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What Can 4,000 BC Relics Tell Us About The Art Of Communication?

ROM_artrelics1ROM_artrelics4While traveling in Canada this summer, I visited the Royal Ontario Museum (ROM), in Toronto. The ROM featured an exhibit of Ancient Egyptian culture related to the Ptolemaic times with artifacts like human figures and animals carved in stone.

As I studied these relics, it was clear to me its creator chose to use simple lines and forms to illustrate their story. Upon closer inspection, it was obvious the artist consciously varied the line weights in their illustration. The emphasize from thin to thick suggested shadows and ROM_artrelics5delicate details like eyes and jewelry. Even the density of the objects are distinctive as seen in the thickness of the tree trunks, animal mass, and shape of human muscles. The creator also added subtle attributes like wavy hair and hand-held objects expressing intervals of action. Yet the stone itself reveals the creator’s steadfast commitment to carefully strike the right balance between subtle artwork details; and the necessity to be clear and descriptive when communicating their pictorial tale.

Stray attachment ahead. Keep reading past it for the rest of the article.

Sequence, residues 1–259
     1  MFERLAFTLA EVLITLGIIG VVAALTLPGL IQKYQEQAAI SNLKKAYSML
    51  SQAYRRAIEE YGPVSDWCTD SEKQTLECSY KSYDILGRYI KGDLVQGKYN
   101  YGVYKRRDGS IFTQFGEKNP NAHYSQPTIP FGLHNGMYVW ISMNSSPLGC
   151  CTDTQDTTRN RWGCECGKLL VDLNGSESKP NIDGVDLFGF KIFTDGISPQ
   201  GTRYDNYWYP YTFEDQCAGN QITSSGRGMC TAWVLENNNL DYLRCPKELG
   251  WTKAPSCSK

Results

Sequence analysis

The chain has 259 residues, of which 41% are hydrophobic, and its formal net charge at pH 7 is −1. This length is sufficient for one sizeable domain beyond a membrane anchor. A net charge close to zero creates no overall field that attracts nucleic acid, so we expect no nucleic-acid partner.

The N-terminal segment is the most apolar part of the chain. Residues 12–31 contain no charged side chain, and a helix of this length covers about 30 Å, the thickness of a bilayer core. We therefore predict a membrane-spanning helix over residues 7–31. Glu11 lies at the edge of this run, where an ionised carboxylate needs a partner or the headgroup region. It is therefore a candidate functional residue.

ROM_artrelics2The same is true for the image at the right. The illustrations are strung together as pictorial sentences. Yet each image is carefully balanced and spaced among surrounding objects to support visual clarity.

The Egyptians weren’t as archaic in their messaging as we might think. Ironically, the Egyptians were perceptive enough to realize that communication requires clear and concise  messaging. Today, our message is usually tailored to specific markets. Whether the story is owl_relictold through video, written words, or graphic illustrations—the same goal parallels the Egyptians—the message needs to be simple and easily understood.

As I studied these images, I couldn’t help but relate it to my own profession as a graphic designer. For instance, when tasked with creating a logo for a new business, I may start with an illustration and find myself simplifying the graphic to create simple shapes and forms. Weight relationships like size of graphic to type proportions need to be equivalent to create aesthetic appeal. Too much detail will make the graphic hard to understand and even difficult to reproduce. Therefore, my goal is to create the right balance using objects, space, and typography to support a visual graphic that’s easy to understand and visually appealing.

Clearly the Egyptians were advanced in their approach to basic design. Perhaps it’s birdstoneevidence that history, as seen in these 4,000 BC relics, has influenced our modern world. The basis of good design and marketing starts with capturing an audience’s attention. It’s undoubtedly the visual message the Egyptians relied on to communicate their pictorial story. Today, after centuries of time gone by, these stone relics continue to draw huge audiences. With that said, it’s not surprising the ROM’s exhibit leaves viewers to ponder—with some curiosity—the ancient meaning behind the creator’s illustrative message.

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